16. I walked around in the world of Dune for days, weeks maybe. I could barely focus on the outside world at all. I was living in a giant worm. The spice, yes, the spice. I read most all of Pern and liked the Harpers best (of course). Did you ever read Theodore Sturgeon? He managed to bring the sweetness of fantasy into scifi. E Pluribus Unicorn. Have to read that for the name alone. And, of course, my true initiation into erotic romance and m/m was … well, i already told that story. : )

    1. H: After all this talk, I think I might have to go back and actually read BSR again. I think I’d have a whole new appreciation of Tarrant (wasn’t that his name?)

      Jamie: I just recently re-read the Sleeping Beauty series. Not quite as powerful as the first time I read it, but then how could it be. My, uh, horizons are much broader now than when I last read them lol

      Tara: Never read Theodore Sturgeon. Sounds pretty cool. I do love unicorns 🙂 And Dune, oh yeah. So fascinating. I so wish the other books were as good as the first. Did you ever read the prequel series? Not bad. Not as good as Dune, but not bad.

      CarolineGa: Good for you! So awesome to hear that the desire to encounter a fictional world helped you. And that’s a great series to get into.

  17. It wasn’t until I was older (mid to late 20s and then when I went back to college at 33) that I started paying attention to what I was reading. Mercedes Lackey Valdemar series and Anne Rice’s Sleeping Beauty series took me places I hadn’t been with the standard Harlequins or historical romances I was used to reading. In college I discovered that I really like the works of Ovid, Homer and others of the Classical period. I have also always been a big fan of Shakespeare and Poe. But once I found your website, the Heaven Sent boys, Bishonen Works, and lots of others I found the world where all of the worlds I love meld together. It has been quite an adventure and I hope it continues.

  18. I loved Black Sun Rising – I have never been so shoved around by a character – from disgust and loathing, to hope, then dismay, triumph and all the way back again. 🙂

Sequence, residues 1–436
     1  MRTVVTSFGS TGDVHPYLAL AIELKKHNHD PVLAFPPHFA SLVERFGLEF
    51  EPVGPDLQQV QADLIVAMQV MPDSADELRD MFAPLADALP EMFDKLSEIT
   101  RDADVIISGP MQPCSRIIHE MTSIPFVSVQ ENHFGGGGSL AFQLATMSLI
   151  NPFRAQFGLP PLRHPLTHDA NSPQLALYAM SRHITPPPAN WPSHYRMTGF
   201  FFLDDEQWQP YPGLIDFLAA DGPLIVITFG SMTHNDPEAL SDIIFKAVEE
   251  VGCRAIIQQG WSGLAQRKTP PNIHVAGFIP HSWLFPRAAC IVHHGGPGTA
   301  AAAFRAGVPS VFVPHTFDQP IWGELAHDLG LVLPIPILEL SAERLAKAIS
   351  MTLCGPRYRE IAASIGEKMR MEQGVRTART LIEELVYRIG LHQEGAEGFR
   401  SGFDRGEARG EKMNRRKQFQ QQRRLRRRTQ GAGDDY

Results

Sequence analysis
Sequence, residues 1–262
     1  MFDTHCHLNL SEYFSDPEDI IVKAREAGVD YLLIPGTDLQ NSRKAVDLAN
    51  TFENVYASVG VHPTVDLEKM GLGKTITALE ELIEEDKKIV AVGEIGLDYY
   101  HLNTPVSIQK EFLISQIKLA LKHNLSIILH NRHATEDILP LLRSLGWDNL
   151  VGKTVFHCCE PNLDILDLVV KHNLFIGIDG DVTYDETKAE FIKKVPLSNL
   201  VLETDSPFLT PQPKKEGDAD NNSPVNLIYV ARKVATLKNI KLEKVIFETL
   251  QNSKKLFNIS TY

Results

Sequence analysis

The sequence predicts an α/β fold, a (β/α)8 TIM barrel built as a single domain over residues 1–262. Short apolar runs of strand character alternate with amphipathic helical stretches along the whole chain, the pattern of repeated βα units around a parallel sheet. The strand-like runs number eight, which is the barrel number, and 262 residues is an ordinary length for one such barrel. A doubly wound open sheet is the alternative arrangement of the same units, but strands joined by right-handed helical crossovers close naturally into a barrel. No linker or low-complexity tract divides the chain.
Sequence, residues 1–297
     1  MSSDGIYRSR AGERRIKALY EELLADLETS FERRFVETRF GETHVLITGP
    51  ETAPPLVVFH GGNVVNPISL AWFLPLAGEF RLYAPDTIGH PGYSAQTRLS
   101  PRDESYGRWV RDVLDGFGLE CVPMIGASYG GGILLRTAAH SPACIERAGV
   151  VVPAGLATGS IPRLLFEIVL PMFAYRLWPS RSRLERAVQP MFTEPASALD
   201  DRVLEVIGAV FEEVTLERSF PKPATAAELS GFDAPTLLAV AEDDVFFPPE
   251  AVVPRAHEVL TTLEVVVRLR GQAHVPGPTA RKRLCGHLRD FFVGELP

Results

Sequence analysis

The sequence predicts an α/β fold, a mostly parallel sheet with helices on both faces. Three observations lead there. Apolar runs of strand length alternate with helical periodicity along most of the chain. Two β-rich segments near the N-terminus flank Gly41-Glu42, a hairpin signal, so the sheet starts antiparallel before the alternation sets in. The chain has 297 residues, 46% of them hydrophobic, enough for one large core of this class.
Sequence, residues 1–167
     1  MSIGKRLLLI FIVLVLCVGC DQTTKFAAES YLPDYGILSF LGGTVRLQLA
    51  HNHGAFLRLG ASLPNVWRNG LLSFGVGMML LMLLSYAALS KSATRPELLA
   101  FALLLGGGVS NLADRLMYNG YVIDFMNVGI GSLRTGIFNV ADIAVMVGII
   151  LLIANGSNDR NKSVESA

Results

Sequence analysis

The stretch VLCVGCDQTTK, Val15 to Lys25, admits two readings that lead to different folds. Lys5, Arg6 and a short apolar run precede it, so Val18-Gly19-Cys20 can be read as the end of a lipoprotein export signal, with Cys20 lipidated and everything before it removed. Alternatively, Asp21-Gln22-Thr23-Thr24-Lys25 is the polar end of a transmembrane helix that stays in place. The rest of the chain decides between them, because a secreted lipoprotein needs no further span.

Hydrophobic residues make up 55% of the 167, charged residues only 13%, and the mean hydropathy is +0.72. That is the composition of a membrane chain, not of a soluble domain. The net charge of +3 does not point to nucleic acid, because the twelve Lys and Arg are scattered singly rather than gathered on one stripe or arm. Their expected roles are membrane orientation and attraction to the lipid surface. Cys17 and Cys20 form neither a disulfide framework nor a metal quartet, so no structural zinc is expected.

Seriously slashy tone to the series, too! Of course, being older than you, I was in my my thirties when I read them.

    As a teenager, I sobbed my way through The Book Of The Isle trilogy by Nancy Springer and adored Darkchild and Bluesong by Sydney J Van Scyoc (I still have the books and have never dared re-read them).

    I read The Hobbit when I was eight and LOTR when I was 14 … I think my love of SF/SFF/Paranormals was set when I read The Moomin family stories by Tove Jansen and Maren’s Little Owl by Finn Havrevold. Lloyd Alexander’s Prydain books, Mary Poppins, the Uncle books and The Water Babies need to be on the list, too!.

    Cheers, Jet – thank you for the reminder that if I just turn my computer chair around, there are shelves of memories on display (and more if I go into my son’s old bedroom – some my old books, others re-bought for him ).

  19. Instead of going for the Nora Roberts Titles, go for the JD Robb. The future scape is fun, and you’ll love Eve and Roarke.

    But yes, I’m right there with you on the adolescence spent in fantastic worlds and places(And a bunch of bodice rippers Lindsey, early Deveraux, Jennifer Blake, etc….)

    I still remember reading Dragonflight, but as much as I enjoyed the Pern books the Killashandra series is my favorite of hers. I am unpacking the Valdemar books, and my signed (don’t hate me!) David Eddings :> Dune was a revelation, I’d only wished the sequels lived up to the original.

    Did you read Zelazny’s Chronicles of Amber? Awesome stuff.

    Robin McKinley’s original Beauty and her Outlaws of Sherwood still have points I pull out and apply on a regular basis.